- Take on food early and often. Start with savoury foods and move onto sugary ones - boiled potatoes, peanut butter sandwiches, ham sandwiches, biscuits and dark chocolate make good on-the-move snacks.
- Bring as much spare kit as possible including shoes. Change your socks often… but don't look too closely at your feet!
- For a sugar hit, take a bottle of coke but de-gas it in the week of the event so it’s not fizzy.
- Pack paracetamol in the event of needing a painkiller. Do NOT take anti-inflammatory drugs such as ibuprofen as these can cause potentially fatal kidney problems when taken during endurance events.
- Don’t be afraid to talk to fellow competitors – ultra runs can get boring so having chat can help pass the time.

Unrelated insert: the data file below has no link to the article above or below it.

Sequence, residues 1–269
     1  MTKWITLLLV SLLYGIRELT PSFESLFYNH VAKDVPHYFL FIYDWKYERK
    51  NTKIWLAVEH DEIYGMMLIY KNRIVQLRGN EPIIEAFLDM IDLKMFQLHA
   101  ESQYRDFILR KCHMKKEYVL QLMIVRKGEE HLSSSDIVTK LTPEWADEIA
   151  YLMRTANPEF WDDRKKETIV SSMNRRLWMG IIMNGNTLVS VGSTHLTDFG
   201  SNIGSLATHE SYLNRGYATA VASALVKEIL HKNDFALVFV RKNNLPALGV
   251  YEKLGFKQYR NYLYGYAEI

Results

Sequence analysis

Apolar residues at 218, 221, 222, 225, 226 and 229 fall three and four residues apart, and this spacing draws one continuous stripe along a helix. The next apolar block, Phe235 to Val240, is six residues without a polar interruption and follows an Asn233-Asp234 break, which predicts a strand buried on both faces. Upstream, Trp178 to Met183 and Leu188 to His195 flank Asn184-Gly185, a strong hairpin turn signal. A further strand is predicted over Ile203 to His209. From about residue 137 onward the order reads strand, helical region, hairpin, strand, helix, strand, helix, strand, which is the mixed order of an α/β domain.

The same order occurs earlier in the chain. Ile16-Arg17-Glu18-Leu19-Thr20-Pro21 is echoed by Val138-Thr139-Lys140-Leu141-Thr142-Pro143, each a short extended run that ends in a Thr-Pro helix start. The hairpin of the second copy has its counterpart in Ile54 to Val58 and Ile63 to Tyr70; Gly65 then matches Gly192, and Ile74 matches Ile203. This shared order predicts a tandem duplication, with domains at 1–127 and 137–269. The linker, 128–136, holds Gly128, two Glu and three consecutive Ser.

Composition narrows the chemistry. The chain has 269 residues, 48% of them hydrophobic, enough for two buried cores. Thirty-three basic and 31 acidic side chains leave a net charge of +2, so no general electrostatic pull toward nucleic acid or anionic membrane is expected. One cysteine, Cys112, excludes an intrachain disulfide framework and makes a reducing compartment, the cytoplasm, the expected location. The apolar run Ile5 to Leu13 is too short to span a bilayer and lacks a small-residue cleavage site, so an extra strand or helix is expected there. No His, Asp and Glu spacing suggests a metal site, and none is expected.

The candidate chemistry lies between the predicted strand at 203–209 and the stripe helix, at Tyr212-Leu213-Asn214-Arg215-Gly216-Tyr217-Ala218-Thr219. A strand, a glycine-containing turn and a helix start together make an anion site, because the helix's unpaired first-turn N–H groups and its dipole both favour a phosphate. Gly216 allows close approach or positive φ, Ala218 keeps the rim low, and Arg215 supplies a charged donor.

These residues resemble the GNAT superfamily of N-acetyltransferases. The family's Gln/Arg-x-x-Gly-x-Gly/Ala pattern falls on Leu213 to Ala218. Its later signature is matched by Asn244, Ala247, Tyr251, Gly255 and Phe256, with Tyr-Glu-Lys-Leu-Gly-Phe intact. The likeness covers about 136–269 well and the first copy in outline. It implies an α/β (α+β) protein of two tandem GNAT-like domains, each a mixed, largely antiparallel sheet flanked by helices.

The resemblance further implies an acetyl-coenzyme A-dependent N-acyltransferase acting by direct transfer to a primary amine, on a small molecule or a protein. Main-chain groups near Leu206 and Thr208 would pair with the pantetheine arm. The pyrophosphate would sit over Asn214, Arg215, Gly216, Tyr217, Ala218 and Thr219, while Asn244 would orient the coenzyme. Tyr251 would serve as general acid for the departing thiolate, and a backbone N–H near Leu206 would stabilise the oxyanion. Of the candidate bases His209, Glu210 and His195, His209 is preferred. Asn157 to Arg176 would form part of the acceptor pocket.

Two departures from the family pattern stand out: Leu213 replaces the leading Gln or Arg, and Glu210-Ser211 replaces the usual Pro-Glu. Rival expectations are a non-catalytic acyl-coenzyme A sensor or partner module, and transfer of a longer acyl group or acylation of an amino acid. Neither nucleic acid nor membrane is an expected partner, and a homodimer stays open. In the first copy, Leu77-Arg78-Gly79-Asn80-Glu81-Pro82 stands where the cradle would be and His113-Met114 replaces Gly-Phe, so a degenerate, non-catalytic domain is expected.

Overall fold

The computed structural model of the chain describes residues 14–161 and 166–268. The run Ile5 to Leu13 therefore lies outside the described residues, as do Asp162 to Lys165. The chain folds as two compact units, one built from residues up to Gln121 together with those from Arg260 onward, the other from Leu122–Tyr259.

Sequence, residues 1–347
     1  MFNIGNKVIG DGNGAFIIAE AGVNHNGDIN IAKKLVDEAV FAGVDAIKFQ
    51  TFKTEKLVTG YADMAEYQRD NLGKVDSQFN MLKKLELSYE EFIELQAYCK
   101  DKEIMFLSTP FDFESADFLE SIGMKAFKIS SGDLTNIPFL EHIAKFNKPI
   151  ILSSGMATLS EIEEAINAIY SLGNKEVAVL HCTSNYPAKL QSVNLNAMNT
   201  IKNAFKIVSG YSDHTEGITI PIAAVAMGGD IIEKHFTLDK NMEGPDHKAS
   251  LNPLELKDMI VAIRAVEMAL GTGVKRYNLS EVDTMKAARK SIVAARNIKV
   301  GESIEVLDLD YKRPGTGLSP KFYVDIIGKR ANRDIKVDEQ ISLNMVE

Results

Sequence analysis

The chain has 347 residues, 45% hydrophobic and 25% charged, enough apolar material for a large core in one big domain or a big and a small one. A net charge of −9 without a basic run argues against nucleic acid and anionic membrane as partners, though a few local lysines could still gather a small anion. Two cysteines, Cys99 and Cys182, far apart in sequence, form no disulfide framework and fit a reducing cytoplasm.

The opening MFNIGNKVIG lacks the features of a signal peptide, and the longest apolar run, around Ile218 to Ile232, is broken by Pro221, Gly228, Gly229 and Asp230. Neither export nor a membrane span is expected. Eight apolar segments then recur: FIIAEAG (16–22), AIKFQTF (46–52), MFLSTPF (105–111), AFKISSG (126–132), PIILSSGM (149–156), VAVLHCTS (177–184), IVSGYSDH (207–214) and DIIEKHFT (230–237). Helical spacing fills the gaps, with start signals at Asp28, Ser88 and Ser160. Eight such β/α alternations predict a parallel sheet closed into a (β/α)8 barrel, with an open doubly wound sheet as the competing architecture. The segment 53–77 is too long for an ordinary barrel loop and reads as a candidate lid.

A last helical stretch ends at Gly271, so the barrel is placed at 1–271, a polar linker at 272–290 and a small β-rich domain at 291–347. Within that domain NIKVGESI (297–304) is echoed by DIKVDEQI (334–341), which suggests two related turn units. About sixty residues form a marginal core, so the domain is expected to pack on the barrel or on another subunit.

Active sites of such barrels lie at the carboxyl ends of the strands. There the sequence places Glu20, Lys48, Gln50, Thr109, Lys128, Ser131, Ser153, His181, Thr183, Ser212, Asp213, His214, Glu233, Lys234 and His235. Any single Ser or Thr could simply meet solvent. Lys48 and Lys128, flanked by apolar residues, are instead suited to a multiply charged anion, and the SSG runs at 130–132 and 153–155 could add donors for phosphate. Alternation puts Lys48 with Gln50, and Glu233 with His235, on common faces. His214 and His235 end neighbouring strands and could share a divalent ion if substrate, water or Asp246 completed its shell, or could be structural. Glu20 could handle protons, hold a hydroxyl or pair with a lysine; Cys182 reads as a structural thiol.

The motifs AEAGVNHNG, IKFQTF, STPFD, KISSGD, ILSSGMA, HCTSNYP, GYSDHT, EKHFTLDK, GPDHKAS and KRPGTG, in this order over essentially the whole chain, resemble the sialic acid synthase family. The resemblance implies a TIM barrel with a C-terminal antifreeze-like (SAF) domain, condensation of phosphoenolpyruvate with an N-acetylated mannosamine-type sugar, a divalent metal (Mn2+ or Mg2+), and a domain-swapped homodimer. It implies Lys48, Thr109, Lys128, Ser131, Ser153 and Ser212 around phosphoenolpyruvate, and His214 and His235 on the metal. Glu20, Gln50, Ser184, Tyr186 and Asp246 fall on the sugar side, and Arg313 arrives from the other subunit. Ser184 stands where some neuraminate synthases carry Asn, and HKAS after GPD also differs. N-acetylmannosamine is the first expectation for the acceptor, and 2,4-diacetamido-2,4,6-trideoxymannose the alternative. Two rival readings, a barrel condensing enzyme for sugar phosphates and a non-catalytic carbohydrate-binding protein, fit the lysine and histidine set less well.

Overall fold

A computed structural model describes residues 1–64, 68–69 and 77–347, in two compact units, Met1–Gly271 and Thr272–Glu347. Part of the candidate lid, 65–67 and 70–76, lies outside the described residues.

- After the event, don't sit down for too long. Keep moving to prevent yourself from stiffening up.
- You may not enjoy every minute but enjoy as much as possible!
This is our first year running the event, and on behalf of the Striders, we hope that runners and spectators have a brilliant time so it can become part of the annual running calendar - providing a challenge to those taking part and inspiration to those watching.
If you have any questions, please get in touch via email@example.com or visit http://stalbansstampede.com. See you on Saturday September 5!